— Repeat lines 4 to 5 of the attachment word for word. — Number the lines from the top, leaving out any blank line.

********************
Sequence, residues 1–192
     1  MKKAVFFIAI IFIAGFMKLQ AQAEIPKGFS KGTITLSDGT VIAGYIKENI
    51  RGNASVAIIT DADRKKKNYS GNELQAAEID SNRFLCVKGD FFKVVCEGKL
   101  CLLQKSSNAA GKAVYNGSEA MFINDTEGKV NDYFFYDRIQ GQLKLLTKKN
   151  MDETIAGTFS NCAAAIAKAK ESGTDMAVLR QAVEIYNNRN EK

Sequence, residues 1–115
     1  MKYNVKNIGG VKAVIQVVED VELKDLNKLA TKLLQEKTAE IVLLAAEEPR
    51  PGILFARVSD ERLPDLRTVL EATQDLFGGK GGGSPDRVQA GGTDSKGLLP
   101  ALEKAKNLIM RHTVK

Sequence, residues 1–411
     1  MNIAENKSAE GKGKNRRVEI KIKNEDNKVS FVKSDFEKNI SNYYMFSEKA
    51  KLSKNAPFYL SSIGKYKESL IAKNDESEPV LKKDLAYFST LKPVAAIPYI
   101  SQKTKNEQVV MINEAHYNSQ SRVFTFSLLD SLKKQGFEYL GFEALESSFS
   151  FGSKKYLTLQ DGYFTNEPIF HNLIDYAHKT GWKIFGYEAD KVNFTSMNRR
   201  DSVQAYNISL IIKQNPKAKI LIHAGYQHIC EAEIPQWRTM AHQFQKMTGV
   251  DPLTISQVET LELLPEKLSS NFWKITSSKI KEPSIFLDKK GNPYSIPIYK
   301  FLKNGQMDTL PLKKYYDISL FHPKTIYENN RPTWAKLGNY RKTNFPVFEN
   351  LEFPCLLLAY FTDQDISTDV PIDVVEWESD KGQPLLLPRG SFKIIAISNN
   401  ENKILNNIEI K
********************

   101  CLLQKSSNAA GKAVYNGSEA MFINDTEGKV NDYFFYDRIQ GQLKLLTKKN
   151  MDETIAGTFS NCAAAIAKAK ESGTDMAVLR QAVEIYNNRN EK